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Alex B. Overcoming shame

Discussion in 'Ask a TMS Therapist' started by Guest, Jun 24, 2014.

  1. Guest

    Guest Guest

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    Question
    I have something that happend in my past that I keep beating myself up for. I tend to feel a lot of shame for doing this and have trouble forgiving myself. Should I keep digging and journaling about this subject? Is there any techniques to forgiving myself for this and getting this out of my system?

    Do you have to find the one thing in your life or repression to get over the hump?
     
  2. Alex Bloom LCSW

    Alex Bloom LCSW TMS Therapist

    Answer
    Thanks for posting. This is a really common problem faced by TMS sufferers. Almost all of my clients have a tendency to focus on events from their past that bring up feelings of shame and self-abuse. So first of all, it's important not to get too down on yourself for falling into this habit: you are not alone.

    In treating TMS we often talk about the "inner bully", the part of your sub-conscious that continually punishes you, judges you and makes you feel small. In your case, this part of yourself is looking at what has happened in the past and using it as ammunition against you; a way to keep you feeling powerless, fearful and weak. This tendency to come down on yourself is on the other end of the self-treatment spectrum from the loving stance we want to encourage you to take towards yourself. When you think of these past events that have caused you problems, the ideal response would be to give yourself compassion, to recognize that there is hurt and grief and that you are need of support and care. However, in this case it seems that you are giving yourself the exact opposite! You are using this past event as a weapon to continue to punish yourself, long after the actual incident has occurred.

    It is crucial to recognize that no one deserves this kind of brutal treatment. It is time to stand up to the bully that continues to dominate you and tell it that you are sick and tired of it making you feel unworthy of care and love. And finally, of course, it is time for you to give yourself that self-care that you seem to long for.

    Often it is not one single incident, but a lifetime pattern of self-abuse that contributes to the symptoms of TMS. But your response and approach with regards to this one past event can serve to demonstrate how you treat yourself overall. See if you can spot the abuse for what it is and remember to give yourself the compassion you deserve.


    Any advice or information provided here does not and is not intended to be and should not be taken to constitute specific professional or psychological advice given to any group or individual. This general advice is provided with the guidance that any person who believes that they may be suffering from any medical, psychological, or mindbody condition should seek professional advice from a qualified, registered/licensed physician and/or psychotherapist who has the opportunity to meet with the patient, take a history, possibly examine the patient, review medical and/or mental health records, and provide specific advice and/or treatment based on their experience diagnosing and treating that condition or range of conditions. No general advice provided here should be taken to replace or in any way contradict advice provided by a qualified, registered/licensed physician and/or psychotherapist who has the opportunity to meet with the patient, take a history, possibly examine the patient, review medical and/or mental health records, and provide specific advice and/or treatment based on their experience diagnosing and treating that condition or range of conditions.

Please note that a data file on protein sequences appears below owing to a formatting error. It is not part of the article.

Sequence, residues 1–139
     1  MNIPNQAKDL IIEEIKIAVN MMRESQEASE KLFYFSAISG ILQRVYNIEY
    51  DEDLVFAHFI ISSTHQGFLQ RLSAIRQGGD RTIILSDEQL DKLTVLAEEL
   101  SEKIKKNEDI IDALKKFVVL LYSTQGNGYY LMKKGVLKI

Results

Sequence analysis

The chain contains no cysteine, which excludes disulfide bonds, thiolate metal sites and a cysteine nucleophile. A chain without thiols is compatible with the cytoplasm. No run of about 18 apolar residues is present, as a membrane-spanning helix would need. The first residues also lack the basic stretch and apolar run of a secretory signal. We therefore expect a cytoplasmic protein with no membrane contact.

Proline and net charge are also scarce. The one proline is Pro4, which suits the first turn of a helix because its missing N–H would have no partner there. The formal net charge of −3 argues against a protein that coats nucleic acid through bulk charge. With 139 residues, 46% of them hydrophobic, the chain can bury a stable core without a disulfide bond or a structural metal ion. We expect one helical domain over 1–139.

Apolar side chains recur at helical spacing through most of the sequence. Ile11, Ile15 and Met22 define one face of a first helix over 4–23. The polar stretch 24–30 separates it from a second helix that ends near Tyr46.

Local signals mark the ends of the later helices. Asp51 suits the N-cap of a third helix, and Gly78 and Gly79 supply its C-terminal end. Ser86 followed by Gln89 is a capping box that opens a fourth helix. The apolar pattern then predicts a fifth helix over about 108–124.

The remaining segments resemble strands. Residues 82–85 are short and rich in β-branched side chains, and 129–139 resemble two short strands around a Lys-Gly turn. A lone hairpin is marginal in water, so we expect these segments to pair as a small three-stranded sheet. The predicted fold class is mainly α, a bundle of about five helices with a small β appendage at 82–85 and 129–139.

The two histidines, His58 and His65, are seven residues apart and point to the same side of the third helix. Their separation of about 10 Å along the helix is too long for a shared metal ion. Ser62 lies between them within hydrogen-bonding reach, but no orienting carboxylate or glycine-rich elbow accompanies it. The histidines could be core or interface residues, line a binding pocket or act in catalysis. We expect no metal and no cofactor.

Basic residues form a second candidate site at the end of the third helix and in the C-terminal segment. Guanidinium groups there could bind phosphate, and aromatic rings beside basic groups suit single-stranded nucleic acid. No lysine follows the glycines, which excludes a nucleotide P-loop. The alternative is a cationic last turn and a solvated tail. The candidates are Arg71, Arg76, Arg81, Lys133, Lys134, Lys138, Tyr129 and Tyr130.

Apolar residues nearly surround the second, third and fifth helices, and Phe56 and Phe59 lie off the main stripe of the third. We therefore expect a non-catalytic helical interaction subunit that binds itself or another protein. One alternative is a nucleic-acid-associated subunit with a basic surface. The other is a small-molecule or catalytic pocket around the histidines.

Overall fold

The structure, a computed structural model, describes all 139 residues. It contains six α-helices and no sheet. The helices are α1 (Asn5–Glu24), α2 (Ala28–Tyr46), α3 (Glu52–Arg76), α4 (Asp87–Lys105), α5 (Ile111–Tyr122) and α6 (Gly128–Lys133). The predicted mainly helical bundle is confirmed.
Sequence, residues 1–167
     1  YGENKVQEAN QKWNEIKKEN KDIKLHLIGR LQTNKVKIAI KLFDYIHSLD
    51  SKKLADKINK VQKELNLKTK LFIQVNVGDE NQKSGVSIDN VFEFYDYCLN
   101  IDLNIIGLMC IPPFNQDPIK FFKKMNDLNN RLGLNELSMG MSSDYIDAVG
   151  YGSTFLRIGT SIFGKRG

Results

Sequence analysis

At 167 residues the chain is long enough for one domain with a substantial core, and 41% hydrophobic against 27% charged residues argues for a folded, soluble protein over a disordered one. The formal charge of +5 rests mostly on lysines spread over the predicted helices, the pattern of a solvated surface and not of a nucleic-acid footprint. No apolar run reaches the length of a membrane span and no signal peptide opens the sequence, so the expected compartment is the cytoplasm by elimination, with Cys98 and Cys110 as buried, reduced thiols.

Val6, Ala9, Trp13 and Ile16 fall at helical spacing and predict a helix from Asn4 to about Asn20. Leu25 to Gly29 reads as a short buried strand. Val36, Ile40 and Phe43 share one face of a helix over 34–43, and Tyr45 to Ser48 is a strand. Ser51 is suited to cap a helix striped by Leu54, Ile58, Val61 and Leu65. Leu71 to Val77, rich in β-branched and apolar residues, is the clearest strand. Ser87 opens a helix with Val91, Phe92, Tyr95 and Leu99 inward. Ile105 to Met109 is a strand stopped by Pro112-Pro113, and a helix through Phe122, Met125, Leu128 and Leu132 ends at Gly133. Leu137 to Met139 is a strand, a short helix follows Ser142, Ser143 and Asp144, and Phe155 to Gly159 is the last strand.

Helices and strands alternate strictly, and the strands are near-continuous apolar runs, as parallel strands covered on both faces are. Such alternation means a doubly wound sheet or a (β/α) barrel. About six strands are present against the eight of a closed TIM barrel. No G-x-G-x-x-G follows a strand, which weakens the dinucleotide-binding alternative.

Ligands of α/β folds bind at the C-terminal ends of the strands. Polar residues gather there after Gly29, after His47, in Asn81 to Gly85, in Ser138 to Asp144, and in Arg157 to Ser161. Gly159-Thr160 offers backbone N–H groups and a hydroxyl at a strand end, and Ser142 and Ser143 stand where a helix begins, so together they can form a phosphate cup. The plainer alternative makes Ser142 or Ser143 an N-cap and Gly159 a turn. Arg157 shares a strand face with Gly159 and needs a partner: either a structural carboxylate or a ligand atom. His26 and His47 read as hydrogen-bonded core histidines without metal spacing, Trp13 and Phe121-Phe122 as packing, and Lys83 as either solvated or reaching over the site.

The general advice and information provided in this format is for informational purposes only and cannot serve as a way to screen for, identify, or diagnose depression, anxiety, or other psychological conditions. If you feel you may be suffering from any of these conditions please contact a licensed mental health practitioner for an in-person consultation.

    Questions may be edited for brevity and/or readability.

     
  3. Walt Oleksy

    Walt Oleksy Beloved Grand Eagle

    Guest, by coincidence, the advice from Alex about giving yourself compassion is the subject of a book
    I am now reading by Christopher Germer, a clinical psychologist in private practice. His book is
    titled The Mindful Path to Self-Compassion. I want to spend a few days reading the Kindle edition of the book and then will
    report on it in one of the wiki subforums. I'll let you know when and where I post it.

    My own thoughts on your problem is that you probably know what that big shame is that keeps
    haunting you and makes you feel bad about yourself. I think you just need to let go of it now and
    forgive yourself. Once we ask God to forgive us from a misdeed, He forgives, and we don't have to
    keep asking him for forgiveness. It's the same with our own selves. We recognize the cause of the shame
    and ask ourselves to let up on us, and we give ourselves self-compassion.

    Here is a web site on self-compassion with some videos that I think will be of interest to you.

    http://www.self-compassion.org/
     
    Ryan, Colly and tarala like this.
  4. tarala

    tarala Well known member

    Thanks for the link Walt, this is a really good site.
     
  5. Walt Oleksy

    Walt Oleksy Beloved Grand Eagle

    Germere has a lot of good stuff in his book and I will be posting about some of it later today
    and in the days ahead. Some great techniques for self-compassion and meditation.
     

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